|Hazelnut - 2021-02-18 |
I've been reading about how they compute these very deep zooms into Mandelbrot sets, because lockdown does things to a man.
This video zooms by 48 powers of ten -- for comparison to zoom from the known universe to a single electron would be about 38 powers of ten. You'll find recent videos in the last few years that go past 2000 powers. I prefer this video because of its groovier location, and I think a universe-to-electron zoom in six minutes is plenty.
Now a Mandelbrot set is a simple mathematical object: it's just the complex numbers "c" for which you can iterate "z = z^2 + c" (starting with z = 0) forever without z leaving a circle of radius 2. You can write computer code to plot this in like 20 lines tops of your favourite language, more like 5 if they handle complex math well.
Therefore in theory you can zoom in forever. For most simple geographical objects that is trivial. Imagine a radius-1 circle centered at the origin. I can easily "zoom in" a zillion powers of ten at point (0, 1) and tell you exactly what it look like: a horizontal line. The corner of a mathematical triangle looks the same at 1000x as at 10x.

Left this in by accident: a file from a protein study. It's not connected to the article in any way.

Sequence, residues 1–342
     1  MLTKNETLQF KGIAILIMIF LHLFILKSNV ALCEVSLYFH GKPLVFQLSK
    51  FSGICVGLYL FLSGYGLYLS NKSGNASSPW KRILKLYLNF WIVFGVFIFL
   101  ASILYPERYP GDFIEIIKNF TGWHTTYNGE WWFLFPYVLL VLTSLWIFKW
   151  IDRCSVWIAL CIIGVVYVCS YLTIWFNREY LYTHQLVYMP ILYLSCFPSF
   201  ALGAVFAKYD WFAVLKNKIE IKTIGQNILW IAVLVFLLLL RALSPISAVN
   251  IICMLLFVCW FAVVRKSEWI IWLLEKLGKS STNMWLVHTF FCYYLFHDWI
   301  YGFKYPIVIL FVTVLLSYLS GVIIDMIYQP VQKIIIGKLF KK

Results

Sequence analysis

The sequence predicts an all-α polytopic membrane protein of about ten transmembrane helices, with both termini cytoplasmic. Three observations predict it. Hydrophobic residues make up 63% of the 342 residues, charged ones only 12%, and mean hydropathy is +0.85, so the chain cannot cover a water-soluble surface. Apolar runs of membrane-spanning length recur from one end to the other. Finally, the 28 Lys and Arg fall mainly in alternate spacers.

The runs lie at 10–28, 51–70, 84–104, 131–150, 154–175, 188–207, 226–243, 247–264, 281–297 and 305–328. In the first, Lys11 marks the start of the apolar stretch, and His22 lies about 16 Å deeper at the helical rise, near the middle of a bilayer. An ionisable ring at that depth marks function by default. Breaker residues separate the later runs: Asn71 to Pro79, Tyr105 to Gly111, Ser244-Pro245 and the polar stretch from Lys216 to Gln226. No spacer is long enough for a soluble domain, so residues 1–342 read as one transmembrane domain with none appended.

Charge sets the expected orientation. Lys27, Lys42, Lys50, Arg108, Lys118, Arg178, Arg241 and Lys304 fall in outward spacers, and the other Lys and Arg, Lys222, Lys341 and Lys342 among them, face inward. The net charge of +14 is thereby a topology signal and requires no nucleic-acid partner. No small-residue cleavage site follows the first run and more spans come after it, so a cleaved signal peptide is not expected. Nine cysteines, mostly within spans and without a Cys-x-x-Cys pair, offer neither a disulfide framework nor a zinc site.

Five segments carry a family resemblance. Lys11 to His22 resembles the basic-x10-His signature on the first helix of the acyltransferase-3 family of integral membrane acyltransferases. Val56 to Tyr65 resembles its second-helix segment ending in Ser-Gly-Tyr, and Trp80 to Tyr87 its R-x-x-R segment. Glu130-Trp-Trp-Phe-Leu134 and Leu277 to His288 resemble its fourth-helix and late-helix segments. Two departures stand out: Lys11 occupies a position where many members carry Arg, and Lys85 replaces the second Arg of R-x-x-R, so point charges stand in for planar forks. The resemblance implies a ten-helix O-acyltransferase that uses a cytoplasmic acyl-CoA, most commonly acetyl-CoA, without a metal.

In practice, as you zoom deeper and deeper to the _edge_ of a Mandelbrot set you run into computational limits. First, the numbers have more precision. Zoom in a little, and the "c" represented by a particular pixel might be "0.103 + 0.35i". But as you zoom deeper, now it's "0.10322709 + 0.34943912i". More digits means more work for the computer just as it would be more work for us, for the same basic reasons (only internally a computer's doing it all in binary). By the end of this clip a given value of "c" has 50ish base-ten digits, which is 165ish binary digits, which is awkward on consumer hardware so the software works around it (doing multiple underlying hardware multiplications and carrying).
A bigger problem is the number of iterations. Remember the definition at point "c" is whether we can iterate "z = z^2 + c" forever. "Forever" takes forever to calculate so you usually just pick a max # of iterations to test. All the way zoomed out, 100 iterations per pixel is plenty. But as you zoom way in, you're looking at "c" values aaaaalmost but not quite in the set, and these require a huge number of iterations -- at 2000 powers of ten you need something like 30,000,000 iterations per pixel. There's a lot of pixels in an image and a lot of images in a video -- at that point an intractable work even for a computer.
So here's where it gets weirder. What fast open source plotters like Kalles Fraktaler 2 do is they CHEAT a little, using "perturbation techniques and series approximations" to skip a lot of the math and get what should look to the human eye like the same thing (but can "glitch" as with any approximation heuristic). Fuck if I know how it works though -- the elevator pitch makes sense but when I try to follow the actual math and... no. Can't do it.
I pray lockdown ends before I understand that code.